Yesterday the Albanian Helsinki Committee (KShH) released its annual human rights report on Albania. During 2016, the KShH treated 290 human rights complained, and has reported 325 complaints to state institutions. Moreover the KShH executed 188 verifications, including monitoring visits to prisons, police cells, and healthcare institutions, among others. It also contributed legal opinions regarding a total of 16 draft laws, 7 of which dealt with the judicial reform.
The report sketches a pessimistic situation of the Albanian judiciary detention system. Over 64% of the complaints received came from people in preliminary detention or prison, whereas 21% complaints related to unsound practices in the judiciary system. Also the detention of mentally ill people causes serious problems:
The accommodation in the prison system of about 175 mentally ill people under the medical measure “forced treatment in a medical institution” consists of a serious violation of their rights and has caused a worsening of their mental health situation. On of the issues that we are representing at the [European Court of Human Rights] in Strasbourg aims at the solution of this endemic problem which the Albanian state hasn’t been able to solve effectively for the past 20 years.
The report also mentions the absence of sufficient legal protection of the Egyptian and Roma minority communities, and that in spite of the approval of an LGBT Action Plan by the government, institutional discrimination by public servants remains an issue.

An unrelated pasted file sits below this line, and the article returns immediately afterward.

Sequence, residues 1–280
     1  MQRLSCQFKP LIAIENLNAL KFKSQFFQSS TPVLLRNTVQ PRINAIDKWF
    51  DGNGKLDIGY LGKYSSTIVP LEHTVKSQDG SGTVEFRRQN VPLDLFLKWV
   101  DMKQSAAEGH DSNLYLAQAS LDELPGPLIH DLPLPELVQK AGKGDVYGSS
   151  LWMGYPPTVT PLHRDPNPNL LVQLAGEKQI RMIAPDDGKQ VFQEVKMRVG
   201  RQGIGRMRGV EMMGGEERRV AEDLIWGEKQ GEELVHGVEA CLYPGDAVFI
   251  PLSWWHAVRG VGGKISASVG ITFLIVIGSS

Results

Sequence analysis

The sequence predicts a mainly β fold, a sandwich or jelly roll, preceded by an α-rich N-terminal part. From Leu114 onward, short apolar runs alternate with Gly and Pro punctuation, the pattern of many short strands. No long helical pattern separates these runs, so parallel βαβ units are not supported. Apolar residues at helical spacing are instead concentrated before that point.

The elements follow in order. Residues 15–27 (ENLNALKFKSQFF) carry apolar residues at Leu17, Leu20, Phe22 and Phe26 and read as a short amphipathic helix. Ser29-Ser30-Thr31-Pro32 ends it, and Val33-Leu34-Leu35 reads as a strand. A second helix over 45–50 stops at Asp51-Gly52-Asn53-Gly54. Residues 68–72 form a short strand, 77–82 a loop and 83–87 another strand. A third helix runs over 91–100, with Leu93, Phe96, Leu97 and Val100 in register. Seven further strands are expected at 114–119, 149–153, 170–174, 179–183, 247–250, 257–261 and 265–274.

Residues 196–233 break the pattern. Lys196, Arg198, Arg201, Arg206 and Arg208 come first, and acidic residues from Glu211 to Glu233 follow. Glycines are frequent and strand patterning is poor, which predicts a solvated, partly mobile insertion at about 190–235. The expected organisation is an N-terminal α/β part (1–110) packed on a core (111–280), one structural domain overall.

As regards the situation in the judiciary system, the KShH notes that high officials are still being let off the hook:
The monitoring completed in the judiciary system shows that the impunity of high-level officials as regards criminal acts in the field of corruption and abuse of office continues to be a problem.
Finally, the KShH notes that there continues to be a widespread problem of domestic violence against women and against children:
Also the level of violence against children during 2016 has been worrying, especially in residential centers for children [orphanages], the pre-school system and lower levels of education. The coordination between the responsible institutions for the referral and treatment of these cases and legal protection has not always turned out to be effective.